If either of you went over 5 minutes without the other talking, the listener would say “stop.” Then the talker could be aware that they are droning.
In this exercise you’d pause between turns to log the time each spent talking. At the end of the exercise you’d show each other the numbers. If one of you continually talked up to 5 minutes, then s/he needs to be more conscious of their monopolizing the time.
The goal of this exercise is not to “win” by having the lowest cumulative time. In fact, you could be a jerk and answer the other’s questions with one- or two-word responses. That gets tiresome quickly. I recently stopped communicating with someone who asked me to text him and then he only responded with one-word answers. It was too much work to try to have a conversation. So I dropped it — and him.
In emails, on the phone, or in person, work to end your comments with a question, even it’s just mirroring back their question.
Person A: “Where were you born?” Person B: “I was born in XXXX. Where did you grow up?”
A: What do you love about your job?” B: “That’s a good question. I love the flexibility, variety, good compensation and ability to see the world. What’s your favorite part of your job?”
A: “Why are you divorced?” B: “We realized we wanted different things in the future. What precipitated your break up?”
A: “Do you have kids?” B: “Yes, I have 3 kids, all grown and out of the house. What about you?”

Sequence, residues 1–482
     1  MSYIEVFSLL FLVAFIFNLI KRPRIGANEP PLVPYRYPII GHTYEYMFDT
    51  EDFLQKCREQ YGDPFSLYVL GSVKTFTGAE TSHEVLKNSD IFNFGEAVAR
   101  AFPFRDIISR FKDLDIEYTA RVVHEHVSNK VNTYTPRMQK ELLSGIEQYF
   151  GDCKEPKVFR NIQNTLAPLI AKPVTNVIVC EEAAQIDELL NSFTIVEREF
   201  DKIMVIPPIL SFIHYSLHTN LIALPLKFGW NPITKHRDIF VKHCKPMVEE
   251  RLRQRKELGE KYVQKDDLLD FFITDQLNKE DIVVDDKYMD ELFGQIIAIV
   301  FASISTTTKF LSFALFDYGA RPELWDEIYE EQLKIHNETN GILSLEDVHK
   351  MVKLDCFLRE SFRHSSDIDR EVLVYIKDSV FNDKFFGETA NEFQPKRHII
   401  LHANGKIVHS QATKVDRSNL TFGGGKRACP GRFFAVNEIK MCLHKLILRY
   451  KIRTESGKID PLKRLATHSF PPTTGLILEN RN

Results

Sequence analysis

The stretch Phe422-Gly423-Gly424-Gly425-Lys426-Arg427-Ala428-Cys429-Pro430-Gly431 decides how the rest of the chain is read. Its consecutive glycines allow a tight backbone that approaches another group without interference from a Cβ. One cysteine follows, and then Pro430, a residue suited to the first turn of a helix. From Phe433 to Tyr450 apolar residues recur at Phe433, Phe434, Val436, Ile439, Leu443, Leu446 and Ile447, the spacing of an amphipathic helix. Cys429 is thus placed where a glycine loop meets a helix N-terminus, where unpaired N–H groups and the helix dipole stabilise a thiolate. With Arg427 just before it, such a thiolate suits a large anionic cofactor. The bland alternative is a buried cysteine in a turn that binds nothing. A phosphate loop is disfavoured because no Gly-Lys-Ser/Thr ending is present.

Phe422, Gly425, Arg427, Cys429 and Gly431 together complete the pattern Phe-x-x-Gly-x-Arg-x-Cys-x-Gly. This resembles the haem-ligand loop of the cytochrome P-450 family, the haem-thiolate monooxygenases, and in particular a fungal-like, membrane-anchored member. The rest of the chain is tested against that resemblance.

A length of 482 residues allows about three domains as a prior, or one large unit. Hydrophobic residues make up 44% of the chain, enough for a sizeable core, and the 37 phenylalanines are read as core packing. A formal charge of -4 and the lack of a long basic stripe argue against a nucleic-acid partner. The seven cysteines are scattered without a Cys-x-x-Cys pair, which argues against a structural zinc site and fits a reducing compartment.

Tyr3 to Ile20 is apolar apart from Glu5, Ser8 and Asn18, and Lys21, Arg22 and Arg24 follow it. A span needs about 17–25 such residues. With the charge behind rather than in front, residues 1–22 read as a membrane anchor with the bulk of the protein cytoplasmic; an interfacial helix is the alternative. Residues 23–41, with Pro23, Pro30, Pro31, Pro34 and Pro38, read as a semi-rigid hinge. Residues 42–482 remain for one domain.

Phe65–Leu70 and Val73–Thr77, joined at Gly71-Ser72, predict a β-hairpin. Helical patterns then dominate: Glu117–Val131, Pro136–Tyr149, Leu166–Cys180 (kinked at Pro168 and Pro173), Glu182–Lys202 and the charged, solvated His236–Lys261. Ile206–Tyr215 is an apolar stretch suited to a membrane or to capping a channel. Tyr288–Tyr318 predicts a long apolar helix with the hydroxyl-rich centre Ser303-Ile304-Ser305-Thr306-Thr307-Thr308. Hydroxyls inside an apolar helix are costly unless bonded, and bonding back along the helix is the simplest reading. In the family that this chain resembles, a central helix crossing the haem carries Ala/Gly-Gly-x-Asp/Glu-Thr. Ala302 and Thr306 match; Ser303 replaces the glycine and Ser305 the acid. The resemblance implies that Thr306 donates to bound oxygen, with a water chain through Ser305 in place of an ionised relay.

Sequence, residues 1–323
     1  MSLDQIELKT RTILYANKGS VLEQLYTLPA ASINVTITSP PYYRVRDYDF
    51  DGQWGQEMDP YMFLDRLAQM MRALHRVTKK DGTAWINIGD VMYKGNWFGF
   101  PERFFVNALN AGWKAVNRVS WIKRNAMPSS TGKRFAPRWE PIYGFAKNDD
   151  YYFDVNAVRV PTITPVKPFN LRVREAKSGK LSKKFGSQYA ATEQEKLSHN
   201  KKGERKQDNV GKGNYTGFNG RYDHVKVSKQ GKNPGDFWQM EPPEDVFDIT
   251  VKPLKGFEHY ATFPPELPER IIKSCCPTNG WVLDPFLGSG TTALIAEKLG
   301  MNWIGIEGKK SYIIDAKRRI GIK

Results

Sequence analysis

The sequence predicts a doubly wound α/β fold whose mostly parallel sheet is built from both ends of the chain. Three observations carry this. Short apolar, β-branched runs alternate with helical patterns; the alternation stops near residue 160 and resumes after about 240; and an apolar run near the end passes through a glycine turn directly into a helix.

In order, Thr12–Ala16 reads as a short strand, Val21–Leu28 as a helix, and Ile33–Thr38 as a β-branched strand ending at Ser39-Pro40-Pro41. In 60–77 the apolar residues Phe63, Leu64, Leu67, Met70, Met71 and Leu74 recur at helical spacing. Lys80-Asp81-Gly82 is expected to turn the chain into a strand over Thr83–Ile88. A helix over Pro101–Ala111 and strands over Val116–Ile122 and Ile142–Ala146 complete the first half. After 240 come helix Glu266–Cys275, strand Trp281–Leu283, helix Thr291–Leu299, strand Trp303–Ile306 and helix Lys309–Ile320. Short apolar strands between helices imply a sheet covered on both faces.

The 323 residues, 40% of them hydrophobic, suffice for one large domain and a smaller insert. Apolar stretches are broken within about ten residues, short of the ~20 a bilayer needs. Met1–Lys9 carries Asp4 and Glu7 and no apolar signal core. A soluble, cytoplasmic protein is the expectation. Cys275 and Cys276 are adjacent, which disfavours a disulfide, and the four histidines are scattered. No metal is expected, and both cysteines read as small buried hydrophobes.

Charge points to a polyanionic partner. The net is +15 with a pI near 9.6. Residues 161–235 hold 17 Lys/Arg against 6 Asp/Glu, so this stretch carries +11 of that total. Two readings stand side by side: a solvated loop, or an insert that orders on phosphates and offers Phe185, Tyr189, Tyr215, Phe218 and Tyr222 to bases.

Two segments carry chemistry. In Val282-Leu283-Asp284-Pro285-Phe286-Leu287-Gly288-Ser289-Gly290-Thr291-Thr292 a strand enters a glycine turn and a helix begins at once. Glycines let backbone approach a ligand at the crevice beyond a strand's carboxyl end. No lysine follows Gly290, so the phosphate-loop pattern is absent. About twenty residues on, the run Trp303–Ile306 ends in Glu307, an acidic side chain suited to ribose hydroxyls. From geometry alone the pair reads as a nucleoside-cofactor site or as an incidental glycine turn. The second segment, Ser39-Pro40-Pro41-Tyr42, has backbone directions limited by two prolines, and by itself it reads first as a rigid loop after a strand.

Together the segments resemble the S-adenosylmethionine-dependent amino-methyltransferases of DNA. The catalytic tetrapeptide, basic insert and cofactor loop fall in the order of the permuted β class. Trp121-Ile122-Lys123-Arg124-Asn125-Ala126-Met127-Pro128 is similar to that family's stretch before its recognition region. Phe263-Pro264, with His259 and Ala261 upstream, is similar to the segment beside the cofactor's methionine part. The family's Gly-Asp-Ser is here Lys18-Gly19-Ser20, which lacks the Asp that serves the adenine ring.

A: “What do you like to do for fun?” B: “I like a variety of activities, including biking, hiking, dancing, theater, concerts, movies, trying new restaurants, cooking, gardening, reading and listening to NPR. What are some of your favorite recreational activities?”
If you already know his answer to the question he asked you, you can use this to either dig deeper into the question or switch topics.
As much as possible, try to avoid a preponderance of “reporting questions,” e.g., “How was work?” “What did you have for lunch?” “Did you talk to your mom today?” unless there are extenuating circumstances that would make that question important (e.g., his mom recently moved to a nursing home and he’d shared his concern about her adjusting).
So you want to make your answers pithy, without being curt, and ask them a question to pass on the potato to them with your question.
In the advanced version, we’d cover open-ended vs. closed-ended or limited-answer questions and how to avoid the latter. Why? Because closed-ended (generally beginning with who, what, where, when or how) get people to answer too briefly to get to know much about them. By asking open-ended questions/statements (tell me about, share with me, elaborate on, help me understand, as well as some how, what and even why questions), you get more information about the person.
By practicing these ideas with a pal you can give each other feedback and kudos. Don’t be afraid you’ll feel stupid — when you’re learning or improving any skill, you will, no doubt, do it poorly at first. Allow yourself to not be perfect, and just listen to the feedback and practice some more.
Here are some other postings I’ve written on this topic:
So, how have you learned to better your conversational skills? What do you know you could still improve on? (You knew I’d have to ask!)
Want other ideas on what you can do to turn more first dates into seconds? Get your copy of First-Rate First Dates: Increase the Chance of a Second Date.